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American trio go for gold in women's triathlon at Tokyo Olympics

The U.S. won its first Olympic gold medal in triathlon in 2016 and a trio of American women hope to win gold again for Team USA in Tokyo.

WASHINGTON — Three Americans will be vying for gold on Monday in the women's triathlon. 

They'll not only be facing the other competitors, but they'll have some wet weather to deal with. 

The start of the race got pushed back 15 minutes to 5:45 p.m. Eastern to allow extra time for race prep because of a "strong band of rain" moving through the area, the official account for World Triathlon announced

Summer Rappaport, Taylor Knibb and Katie Zaferes from the United States will be competing. The American women lead the ITU rankings heading into Tokyo. Knibb, 23, is the youngest woman ever to qualify for the U.S. Olympic Triathlon Team.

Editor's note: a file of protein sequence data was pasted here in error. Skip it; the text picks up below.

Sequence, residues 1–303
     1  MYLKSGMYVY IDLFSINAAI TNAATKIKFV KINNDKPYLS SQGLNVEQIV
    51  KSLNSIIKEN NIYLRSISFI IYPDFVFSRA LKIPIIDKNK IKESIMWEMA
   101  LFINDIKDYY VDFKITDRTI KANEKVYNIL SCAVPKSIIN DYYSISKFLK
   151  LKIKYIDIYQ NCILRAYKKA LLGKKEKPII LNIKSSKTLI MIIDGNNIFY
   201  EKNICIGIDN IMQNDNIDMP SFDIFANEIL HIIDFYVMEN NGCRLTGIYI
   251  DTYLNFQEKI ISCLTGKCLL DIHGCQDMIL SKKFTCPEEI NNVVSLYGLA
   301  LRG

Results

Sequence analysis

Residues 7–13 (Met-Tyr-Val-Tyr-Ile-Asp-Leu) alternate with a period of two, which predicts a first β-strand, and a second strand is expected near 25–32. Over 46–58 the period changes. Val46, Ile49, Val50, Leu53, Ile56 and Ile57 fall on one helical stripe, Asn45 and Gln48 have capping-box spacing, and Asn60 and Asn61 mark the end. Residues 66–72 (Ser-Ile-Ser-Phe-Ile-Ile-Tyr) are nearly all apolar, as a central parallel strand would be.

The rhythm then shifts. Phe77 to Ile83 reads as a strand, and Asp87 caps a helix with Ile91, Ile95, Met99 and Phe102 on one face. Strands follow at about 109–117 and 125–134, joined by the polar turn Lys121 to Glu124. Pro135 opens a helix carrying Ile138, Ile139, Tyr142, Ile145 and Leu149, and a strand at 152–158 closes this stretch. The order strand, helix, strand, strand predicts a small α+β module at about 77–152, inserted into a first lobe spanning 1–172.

In 2016, Gwen Jorgensen gave the United States its first Olympic gold medal in the sport. It was an incredible performance from Jorgensen, who finished 38th at the 2012 London Olympics. Jorgensen announced in 2017 that she was moving from triathlon to running, but failed to qualify for the Tokyo Olympics. 

Olympic Triathlon Distances

In the individual events, athletes cover a 1,500-meter swim, 40-kilometer bike and 10-kilometer run.

The course at Odaiba Marine Park in Tokyo Bay will also be hosting the first Olympic mixed triathlon. Like the men's and women's individual events, it will be an early-morning start to take into account expected high temperatures and oppressive humidity in Tokyo. The mixed race on July 31 starts at 7:30 a.m. local time, an hour later than the two individual races. Two women and two men compete in the mixed. The men and women alternate during the race. Each swims 300 meters, cycles for eight kilometers and runs for two kilometers before tapping the hand of their teammate to extend the relay. 

Triathlon Olympics false start

The men's triathlon got off to an awkward start after a wayward boat caused the first false start in Olympics triathlon history. 

The Associated Press contributed to this report.